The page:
5 activists on the alarming impacts of the pandemic on BIPOC women

This International Women’s Day, experts point to the urgent need for an intersectional feminist recovery plan.

This International Women’s Day, experts point to the urgent need for an intersectional feminist recovery plan

(Credit: iStock/Getty Images)

In the past 12 months, Canadians' lives have changed in the wake of the pandemic, but endless statistics show that Indigenous, Black, and other racialized women have been hit the hardest. After years of the chronic underfunding of First Nations, Inuit and Métis communities, Indigenous women and girls are experiencing higher rates of financial insecurity and heightened levels of anxiety over domestic violence. Although Black women make up only five per cent of Toronto's population, they account for 16 per cent of the city's COVID-19 cases. Women with disabilities are feeling more socially isolated and, in Ontario, trans women are facing greater challenges accessing health care. Many racialized, immigrant and migrant women work in essential jobs, like home support workers and food service workers, that are underpaid and put them at a higher risk of contracting COVID-19.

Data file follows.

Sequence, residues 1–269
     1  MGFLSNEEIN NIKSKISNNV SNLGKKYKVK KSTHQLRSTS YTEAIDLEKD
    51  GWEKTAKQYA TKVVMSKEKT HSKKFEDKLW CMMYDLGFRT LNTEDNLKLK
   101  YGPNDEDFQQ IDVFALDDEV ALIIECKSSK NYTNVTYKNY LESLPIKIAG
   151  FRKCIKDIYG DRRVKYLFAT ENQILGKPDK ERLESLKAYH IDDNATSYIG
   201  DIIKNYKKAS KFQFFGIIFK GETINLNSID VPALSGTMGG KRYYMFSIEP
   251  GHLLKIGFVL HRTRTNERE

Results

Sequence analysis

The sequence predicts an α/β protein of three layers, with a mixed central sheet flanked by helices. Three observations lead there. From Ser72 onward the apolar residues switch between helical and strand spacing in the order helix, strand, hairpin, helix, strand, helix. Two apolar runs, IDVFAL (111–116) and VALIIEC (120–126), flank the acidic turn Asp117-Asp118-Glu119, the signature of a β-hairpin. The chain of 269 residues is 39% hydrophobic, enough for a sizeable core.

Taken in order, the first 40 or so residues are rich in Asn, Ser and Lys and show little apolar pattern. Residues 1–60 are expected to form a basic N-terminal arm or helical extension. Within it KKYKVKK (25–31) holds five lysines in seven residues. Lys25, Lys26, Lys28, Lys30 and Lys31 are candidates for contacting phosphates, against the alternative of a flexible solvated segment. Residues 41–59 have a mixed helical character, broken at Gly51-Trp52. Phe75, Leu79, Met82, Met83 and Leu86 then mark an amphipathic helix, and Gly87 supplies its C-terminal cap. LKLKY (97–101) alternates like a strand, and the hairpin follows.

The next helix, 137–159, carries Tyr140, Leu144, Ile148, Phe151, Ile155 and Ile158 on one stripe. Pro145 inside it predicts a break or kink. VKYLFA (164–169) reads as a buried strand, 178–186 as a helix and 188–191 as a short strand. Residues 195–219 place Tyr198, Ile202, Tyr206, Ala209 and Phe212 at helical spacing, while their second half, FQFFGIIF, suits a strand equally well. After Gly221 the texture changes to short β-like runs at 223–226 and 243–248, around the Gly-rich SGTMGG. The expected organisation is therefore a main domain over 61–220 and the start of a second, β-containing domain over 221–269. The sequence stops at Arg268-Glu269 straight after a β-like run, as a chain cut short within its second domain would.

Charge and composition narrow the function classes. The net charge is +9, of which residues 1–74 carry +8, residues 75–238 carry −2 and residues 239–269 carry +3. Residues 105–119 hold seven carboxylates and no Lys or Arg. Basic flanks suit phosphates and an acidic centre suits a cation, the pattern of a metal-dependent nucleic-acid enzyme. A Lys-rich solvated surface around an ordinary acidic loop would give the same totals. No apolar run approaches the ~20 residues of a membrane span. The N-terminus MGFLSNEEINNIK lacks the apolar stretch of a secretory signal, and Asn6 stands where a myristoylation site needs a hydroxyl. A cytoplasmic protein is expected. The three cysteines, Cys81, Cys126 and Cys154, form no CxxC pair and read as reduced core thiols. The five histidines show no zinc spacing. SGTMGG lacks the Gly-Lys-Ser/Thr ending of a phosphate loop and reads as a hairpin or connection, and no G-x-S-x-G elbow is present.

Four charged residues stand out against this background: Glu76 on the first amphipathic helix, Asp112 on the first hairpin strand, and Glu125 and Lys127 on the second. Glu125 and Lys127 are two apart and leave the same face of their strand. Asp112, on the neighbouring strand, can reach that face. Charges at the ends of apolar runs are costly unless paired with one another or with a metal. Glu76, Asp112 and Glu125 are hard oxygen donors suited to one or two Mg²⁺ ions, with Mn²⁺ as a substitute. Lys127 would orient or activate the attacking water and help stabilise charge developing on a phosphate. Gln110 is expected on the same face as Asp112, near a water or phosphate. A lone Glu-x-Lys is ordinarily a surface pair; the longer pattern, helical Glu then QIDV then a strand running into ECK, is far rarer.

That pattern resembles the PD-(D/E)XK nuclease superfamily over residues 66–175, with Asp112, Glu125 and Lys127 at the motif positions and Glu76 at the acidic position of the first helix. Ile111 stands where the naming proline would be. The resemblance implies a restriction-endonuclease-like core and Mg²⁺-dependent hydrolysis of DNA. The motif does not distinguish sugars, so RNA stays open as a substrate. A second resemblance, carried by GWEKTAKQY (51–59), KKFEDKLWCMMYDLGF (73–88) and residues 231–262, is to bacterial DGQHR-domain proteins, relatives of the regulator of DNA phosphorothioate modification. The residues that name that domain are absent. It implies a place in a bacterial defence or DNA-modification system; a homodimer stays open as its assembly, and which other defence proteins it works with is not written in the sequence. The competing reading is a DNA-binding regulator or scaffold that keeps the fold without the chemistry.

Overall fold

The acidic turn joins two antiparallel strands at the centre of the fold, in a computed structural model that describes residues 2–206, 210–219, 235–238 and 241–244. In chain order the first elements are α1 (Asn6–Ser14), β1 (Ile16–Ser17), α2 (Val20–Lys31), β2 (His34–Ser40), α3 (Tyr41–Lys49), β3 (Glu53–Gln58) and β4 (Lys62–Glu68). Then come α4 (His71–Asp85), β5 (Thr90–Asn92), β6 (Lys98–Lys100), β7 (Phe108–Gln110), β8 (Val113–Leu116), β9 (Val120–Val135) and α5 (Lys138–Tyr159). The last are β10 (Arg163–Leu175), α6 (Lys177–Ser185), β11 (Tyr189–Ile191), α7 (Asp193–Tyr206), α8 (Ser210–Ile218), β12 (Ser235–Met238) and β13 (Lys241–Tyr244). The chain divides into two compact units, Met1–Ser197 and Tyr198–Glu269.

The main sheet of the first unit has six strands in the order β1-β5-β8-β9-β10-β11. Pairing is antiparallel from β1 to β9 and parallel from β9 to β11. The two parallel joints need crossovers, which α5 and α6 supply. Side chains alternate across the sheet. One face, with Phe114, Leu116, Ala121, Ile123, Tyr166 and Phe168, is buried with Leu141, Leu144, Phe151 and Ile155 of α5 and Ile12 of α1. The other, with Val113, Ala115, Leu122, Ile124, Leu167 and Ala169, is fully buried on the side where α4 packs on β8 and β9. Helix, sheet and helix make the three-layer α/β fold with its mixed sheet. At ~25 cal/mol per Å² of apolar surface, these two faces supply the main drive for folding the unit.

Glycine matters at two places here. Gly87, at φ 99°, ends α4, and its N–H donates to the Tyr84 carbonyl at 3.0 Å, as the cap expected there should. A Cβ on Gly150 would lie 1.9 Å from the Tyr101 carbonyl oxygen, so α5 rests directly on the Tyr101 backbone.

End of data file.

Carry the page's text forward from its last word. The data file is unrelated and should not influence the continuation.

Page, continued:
The pandemic has plainly demonstrated how race, gender, class, disability and immigration status intersect and compound risks, resulting in worse health outcomes, increased rates of domestic violence and greater economic struggles. For International Women's Day, we asked activists, social justice lawyers and community leaders what Canada can do right now to address the impacts of the pandemic and repair the harm caused by structural inequalities. Their ideas ranged from immediate policies like implementing paid sick days and direct investments into the communities most affected, to long-term solutions like affordable housing models and universal childcare. What's clear for all is that as Canada looks forward to life post-pandemic, it's critical we commit to an intersectional feminist recovery plan. 

As told to Samantha Edwards. Interviews edited and condensed.

"When we think about racialized women with disabilities, it's important that we don't forget about the ones that we don't see."